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The movie looks great, I can give it that. The sets, costumes, and special effects are all top-notch, and I especially liked the very cool-looking swords that Moses and Ramses use. You can tell that some serious money went into making this film, and, visually at least, it shows. The movie looks fantastic, and the scenes depicting the ten plagues are intense and frightening, and kinda gross. Oddly, by my count the movie only showed nine plagues, though I looked that up and the only one the movie leaves out is lice, and to be honest I forgot that lice were one of the ten plagues, so I guess I can kind of give them a pass for that.

Then again, no. No, I can’t. There were ten plagues of Egypt and the movie only shows nine. No pass for you, movie. The movie has four (credited) screenwriters, and apparently none of them can count.

Look, Hollywood. I appreciate the gesture, but seriously: you’re doing it wrong. For further proof, look at Darren Aronofsky’s Noah, which was also released last year. In addition to being the year of Scarlett Johansson, 2014 was also supposed to be the Year of the Biblical Epic. But after having seen both Exodus and Noah, I can officially say that it was the Year of the Severely Underwhelming Biblical Epic.

I disliked Noah even more than I disliked Exodus, which as you can probably tell is really saying something. I don’t really have all that much to say about Noah, except it suffered from a lot of the same problems as Exodus: weak characterization, muddled story, baffling storytelling decisions.

Oh, and for some reason, it was full of Rock Transformers.

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Wait, what? I didn’t think this Biblical epic was directed by Michael Bay. Noah is full of these weird creatures called Watchers that were supposed to be fallen angels, but I kept thinking of them as Rock Transformers because they looked like Transformers made out of rocks. One of them is even voiced by Nick Nolte of all people, and let me just say that Nick freaking Nolte is the absolute last person in the universe that I would ever expect to play an angel in a movie. A demon, sure (he certainly sounds like one), but an angel? Hell no!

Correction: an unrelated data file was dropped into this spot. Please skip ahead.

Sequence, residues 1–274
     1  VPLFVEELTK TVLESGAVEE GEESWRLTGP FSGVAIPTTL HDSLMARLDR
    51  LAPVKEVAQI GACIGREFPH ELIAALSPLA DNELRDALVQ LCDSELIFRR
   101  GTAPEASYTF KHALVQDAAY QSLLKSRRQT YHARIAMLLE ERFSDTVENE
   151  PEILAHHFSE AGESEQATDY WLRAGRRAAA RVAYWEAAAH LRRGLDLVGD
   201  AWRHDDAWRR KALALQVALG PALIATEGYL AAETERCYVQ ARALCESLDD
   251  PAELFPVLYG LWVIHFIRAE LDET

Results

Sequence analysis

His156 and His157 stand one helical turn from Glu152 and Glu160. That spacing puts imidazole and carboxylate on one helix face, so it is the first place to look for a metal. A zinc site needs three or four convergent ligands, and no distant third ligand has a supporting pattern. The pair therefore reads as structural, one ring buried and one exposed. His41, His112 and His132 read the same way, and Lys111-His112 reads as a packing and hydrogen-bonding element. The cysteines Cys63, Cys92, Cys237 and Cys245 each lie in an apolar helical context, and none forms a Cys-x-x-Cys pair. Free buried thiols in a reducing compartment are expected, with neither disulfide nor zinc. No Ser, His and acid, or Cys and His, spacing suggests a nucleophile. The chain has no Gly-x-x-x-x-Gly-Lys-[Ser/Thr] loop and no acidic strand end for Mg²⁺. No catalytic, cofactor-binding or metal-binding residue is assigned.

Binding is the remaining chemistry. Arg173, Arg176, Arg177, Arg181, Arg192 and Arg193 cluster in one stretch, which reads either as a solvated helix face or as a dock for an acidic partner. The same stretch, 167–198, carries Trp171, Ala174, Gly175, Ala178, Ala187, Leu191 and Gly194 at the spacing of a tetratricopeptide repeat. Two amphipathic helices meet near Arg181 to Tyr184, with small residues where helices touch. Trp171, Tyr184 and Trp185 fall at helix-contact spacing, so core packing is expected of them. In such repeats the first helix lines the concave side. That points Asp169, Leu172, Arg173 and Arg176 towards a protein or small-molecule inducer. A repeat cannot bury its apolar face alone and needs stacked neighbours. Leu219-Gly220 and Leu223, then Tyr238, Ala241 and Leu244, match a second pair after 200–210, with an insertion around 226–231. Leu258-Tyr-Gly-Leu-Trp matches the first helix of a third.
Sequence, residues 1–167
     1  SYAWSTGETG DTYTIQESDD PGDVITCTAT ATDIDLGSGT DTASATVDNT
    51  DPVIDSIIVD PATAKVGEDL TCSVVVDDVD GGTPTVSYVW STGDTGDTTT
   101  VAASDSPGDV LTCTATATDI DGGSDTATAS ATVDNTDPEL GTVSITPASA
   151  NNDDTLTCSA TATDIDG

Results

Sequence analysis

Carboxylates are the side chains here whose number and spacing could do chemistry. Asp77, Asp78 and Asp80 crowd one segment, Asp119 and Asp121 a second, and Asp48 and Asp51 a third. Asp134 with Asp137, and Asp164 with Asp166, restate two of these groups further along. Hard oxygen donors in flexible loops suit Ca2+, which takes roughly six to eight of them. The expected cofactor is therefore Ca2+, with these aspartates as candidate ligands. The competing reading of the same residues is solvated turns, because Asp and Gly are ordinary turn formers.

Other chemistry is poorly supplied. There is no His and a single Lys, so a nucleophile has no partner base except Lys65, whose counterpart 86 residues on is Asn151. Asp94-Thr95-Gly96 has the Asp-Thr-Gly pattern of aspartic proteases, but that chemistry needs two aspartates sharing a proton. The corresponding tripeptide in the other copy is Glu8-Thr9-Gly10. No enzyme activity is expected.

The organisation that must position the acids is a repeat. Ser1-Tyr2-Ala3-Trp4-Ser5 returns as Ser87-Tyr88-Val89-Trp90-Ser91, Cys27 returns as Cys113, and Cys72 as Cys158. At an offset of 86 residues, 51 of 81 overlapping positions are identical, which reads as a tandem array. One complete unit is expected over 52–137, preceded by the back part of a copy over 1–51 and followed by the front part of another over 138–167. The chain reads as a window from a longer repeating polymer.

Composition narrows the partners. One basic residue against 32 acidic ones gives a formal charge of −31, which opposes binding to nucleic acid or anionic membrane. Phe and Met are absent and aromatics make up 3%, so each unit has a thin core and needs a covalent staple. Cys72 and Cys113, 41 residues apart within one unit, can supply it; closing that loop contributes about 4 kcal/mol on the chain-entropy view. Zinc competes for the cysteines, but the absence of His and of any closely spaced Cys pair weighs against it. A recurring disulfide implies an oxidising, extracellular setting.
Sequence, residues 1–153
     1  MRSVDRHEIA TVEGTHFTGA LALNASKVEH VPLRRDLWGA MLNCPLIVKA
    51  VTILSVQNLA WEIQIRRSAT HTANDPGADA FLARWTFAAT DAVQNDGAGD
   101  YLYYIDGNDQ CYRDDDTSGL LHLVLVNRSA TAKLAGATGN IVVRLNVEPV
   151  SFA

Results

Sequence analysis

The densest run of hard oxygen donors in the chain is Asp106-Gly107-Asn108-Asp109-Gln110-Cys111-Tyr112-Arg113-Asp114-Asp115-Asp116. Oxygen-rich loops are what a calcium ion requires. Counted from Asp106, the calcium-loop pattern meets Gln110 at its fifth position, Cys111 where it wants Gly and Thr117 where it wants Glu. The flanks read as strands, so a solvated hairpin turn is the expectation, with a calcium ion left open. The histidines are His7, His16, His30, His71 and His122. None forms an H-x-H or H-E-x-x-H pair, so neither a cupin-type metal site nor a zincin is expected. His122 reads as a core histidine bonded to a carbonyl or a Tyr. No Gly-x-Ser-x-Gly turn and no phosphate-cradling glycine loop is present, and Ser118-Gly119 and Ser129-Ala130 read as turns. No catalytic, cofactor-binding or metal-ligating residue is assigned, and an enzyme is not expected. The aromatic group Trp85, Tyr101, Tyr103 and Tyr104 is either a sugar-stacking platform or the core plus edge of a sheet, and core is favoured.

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Tellingly, the Rock Transformers did not appear in ANY of the trailers or marketing for the movie. The marketing team must have thought, “Hey, what the hell are these Michael Bay rejects doing in this Biblical movie? Eh, I dunno, just leave them out of the trailers, nobody will notice.”

The main problem with the movie Noah is that the Biblical story of Noah is pretty straightforward. The Biblical story of Exodus is more detailed, but Noah’s story really isn’t. God tells Noah to build the ark and put two of every animal on it. Noah does so, God destroys the world with a flood, the animals on the ark and Noah and his family survive. That’s pretty much it, in a nutshell. But, of course, that’s not enough for a full-length movie, so the filmmakers embellished quite a bit. And all of their embellishments, to me, felt like really weak attempts to add drama to the story, and half of them just don’t make any sense.

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How else do you explain Noah’s behavior in the last hour of the movie? For some utterly inexplicable reason, Noah spends most of the movie thinking that mankind is supposed to die off, so he spends most of the last hour of the movie trying to murder pregnant Emma Watson.

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I, it, just, WHAT??? Why is Noah a slasher-movie villain for the whole third act of the movie??? It’s just baffling. And then at the end of the movie, Noah gets blackout drunk and his kids find him passed out naked on the beach. And this guy is supposed to be the hero of this story?

Both Noah and Exodus do have a couple of specific scenes that I liked. The parting of the Red Sea sequence in Exodus is an exciting setpiece, and I liked the scenes in Noah that showed the animals coming on to the ark.

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They’re both great-looking movies, but the visuals aren’t enough to hide the emptiness that lies within both of these big-budget films. One of the reviews I read online said that Exodus was like a chocolate cake filled with sawdust, which I thought was a perfect metaphor: looks great, empty on the inside.

Look, I’m not a person who bases their system of beliefs on Hollywood movies. I don’t dislike these movies because they don’t exactly align with my own beliefs. I dislike them because their storytelling is muddled, the characterizations range from thin to nonexistent to downright baffling, and neither one of them has the slightest idea what to do with God.

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What do the entrails say? It’s unclear, but it’s not looking good.